## In mathematics::Dimension

### ::concepts

Space::''n'' Style::first Other::point Theory::title System::three Variety::extra**In mathematics**
In mathematics, the dimension of an object is an intrinsic property independent of the space in which the object is embedded. For example, a point on the unit circle in the plane can be specified by two Cartesian coordinates, but a single polar coordinate (the angle) would be sufficient, so the circle is 1-dimensional even though it exists in the 2-dimensional plane. This *intrinsic* notion of dimension is one of the chief ways the mathematical notion of dimension differs from its common usages.

The dimension of Euclidean *n*-space **E**^{n} is *n*. When trying to generalize to other types of spaces, one is faced with the question "what makes **E**^{n} *n*-dimensional?" One answer is that to cover a fixed ball in **E**^{n} by small balls of radius *ε*, one needs on the order of *ε*^{−n} such small balls. This observation leads to the definition of the Minkowski dimension and its more sophisticated variant, the Hausdorff dimension, but there are also other answers to that question. For example, the boundary of a ball in **E**^{n} looks locally like **E**^{n-1} and this leads to the notion of the inductive dimension. While these notions agree on **E**^{n} , they turn out to be different when one looks at more general spaces.

A tesseract is an example of a four-dimensional object. Whereas outside mathematics the use of the term "dimension" is as in: "A tesseract *has four dimensions*", mathematicians usually express this as: "The tesseract *has dimension 4*", or: "The dimension of the tesseract *is* 4".

Although the notion of higher dimensions goes back to René Descartes, substantial development of a higher-dimensional geometry only began in the 19th century, via the work of Arthur Cayley, William Rowan Hamilton, Ludwig Schläfli and Bernhard Riemann. Riemann's 1854 Habilitationsschrift, Schläfli's 1852 *Theorie der vielfachen Kontinuität*, Hamilton's 1843 discovery of the quaternions and the construction of the Cayley algebra marked the beginning of higher-dimensional geometry.

The rest of this section examines some of the more important mathematical definitions of the dimensions.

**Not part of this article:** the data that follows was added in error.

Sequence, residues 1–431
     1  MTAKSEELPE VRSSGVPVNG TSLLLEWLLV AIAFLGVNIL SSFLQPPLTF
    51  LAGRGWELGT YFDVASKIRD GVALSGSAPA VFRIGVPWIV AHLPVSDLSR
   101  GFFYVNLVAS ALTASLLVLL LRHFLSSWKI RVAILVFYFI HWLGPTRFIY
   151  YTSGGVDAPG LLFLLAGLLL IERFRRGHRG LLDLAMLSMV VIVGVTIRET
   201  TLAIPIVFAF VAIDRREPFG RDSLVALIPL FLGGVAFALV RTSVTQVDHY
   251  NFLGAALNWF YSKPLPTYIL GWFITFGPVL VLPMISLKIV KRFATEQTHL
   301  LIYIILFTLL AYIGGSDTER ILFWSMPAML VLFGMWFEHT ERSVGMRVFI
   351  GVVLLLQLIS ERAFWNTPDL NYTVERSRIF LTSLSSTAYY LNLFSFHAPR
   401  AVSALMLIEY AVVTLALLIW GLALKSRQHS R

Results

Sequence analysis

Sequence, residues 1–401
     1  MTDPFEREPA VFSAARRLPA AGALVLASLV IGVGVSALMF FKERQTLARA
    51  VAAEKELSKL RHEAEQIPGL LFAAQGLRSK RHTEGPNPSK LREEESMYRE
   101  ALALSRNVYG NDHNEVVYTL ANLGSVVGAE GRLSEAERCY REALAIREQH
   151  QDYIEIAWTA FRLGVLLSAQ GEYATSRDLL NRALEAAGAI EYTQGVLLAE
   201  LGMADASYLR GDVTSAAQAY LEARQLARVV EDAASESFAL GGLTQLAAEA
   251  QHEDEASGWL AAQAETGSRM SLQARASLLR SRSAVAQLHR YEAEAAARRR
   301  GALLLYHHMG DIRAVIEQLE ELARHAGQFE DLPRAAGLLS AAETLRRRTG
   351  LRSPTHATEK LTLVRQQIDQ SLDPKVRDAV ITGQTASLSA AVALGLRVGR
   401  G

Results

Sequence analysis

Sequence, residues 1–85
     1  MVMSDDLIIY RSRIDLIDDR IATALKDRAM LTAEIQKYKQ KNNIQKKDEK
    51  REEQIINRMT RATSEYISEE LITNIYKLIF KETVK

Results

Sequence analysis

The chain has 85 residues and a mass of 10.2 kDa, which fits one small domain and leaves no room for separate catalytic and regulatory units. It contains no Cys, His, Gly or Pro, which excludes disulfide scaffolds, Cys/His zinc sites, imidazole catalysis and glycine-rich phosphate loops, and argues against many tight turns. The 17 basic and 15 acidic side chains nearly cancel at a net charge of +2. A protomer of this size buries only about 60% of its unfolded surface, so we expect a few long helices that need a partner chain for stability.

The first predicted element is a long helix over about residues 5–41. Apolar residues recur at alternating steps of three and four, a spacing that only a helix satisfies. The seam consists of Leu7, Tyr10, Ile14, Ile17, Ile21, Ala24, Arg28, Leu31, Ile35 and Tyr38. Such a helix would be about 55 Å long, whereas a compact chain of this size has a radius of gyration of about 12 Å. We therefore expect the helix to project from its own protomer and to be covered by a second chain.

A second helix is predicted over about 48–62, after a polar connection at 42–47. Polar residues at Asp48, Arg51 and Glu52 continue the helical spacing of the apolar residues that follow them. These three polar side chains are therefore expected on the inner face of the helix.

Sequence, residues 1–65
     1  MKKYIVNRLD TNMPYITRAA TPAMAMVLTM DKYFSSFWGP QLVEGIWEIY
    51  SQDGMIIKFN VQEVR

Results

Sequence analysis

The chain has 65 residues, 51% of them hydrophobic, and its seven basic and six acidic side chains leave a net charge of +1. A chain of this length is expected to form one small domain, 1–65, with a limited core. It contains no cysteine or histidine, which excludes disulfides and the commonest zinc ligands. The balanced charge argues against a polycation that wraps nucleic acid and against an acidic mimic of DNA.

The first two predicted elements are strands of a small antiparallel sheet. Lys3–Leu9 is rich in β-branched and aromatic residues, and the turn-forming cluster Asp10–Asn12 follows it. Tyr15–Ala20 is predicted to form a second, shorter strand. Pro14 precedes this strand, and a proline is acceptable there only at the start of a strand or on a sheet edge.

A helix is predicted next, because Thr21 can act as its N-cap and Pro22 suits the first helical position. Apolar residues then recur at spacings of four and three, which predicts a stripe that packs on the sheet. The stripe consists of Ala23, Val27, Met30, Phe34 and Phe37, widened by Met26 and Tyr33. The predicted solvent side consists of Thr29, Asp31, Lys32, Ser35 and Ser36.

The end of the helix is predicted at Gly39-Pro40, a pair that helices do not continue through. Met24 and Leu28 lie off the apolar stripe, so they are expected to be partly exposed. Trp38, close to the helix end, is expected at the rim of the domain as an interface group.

### Dimension of a vector space

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The dimension of a vector space is the number of vectors in any basis for the space, i.e. the number of coordinates necessary to specify any vector. This notion of dimension (the cardinality of a basis) is often referred to as the *Hamel dimension* or *algebraic dimension* to distinguish it from other notions of dimension.

### Manifolds

A connected topological manifold is locally homeomorphic to Euclidean *n*-space, and the number *n* is called the manifold's dimension. One can show that this yields a uniquely defined dimension for every connected topological manifold.

For connected differentiable manifolds, the dimension is also the dimension of the tangent vector space at any point.

In geometric topology, the theory of manifolds is characterized by the way dimensions 1 and 2 are relatively elementary, the **high-dimensional** cases *n* > 4 are simplified by having extra space in which to "work"; and the cases *n* = 3 and 4 are in some senses the most difficult. This state of affairs was highly marked in the various cases of the Poincaré conjecture, where four different proof methods are applied.

### Varieties

{{#invoke:main|main}} The dimension of an algebraic variety may be defined in various equivalent ways. The most intuitive way is probably the dimension of the tangent space at any regular point. Another intuitive way is to define the dimension as the number of hyperplanes that are needed in order to have an intersection with the variety that is reduced to a finite number of points (dimension zero). This definition is based on the fact that the intersection of a variety with a hyperplane reduces the dimension by one unless if the hyperplane contains the variety.

An algebraic set being a finite union of algebraic varieties, its dimension is the maximum of the dimensions of its components. It is equal to the maximal length of the chains <math>V_0\subsetneq V_1\subsetneq \ldots \subsetneq V_d</math> of sub-varieties of the given algebraic set (the length of such a chain is the number of "<math>\subsetneq</math>").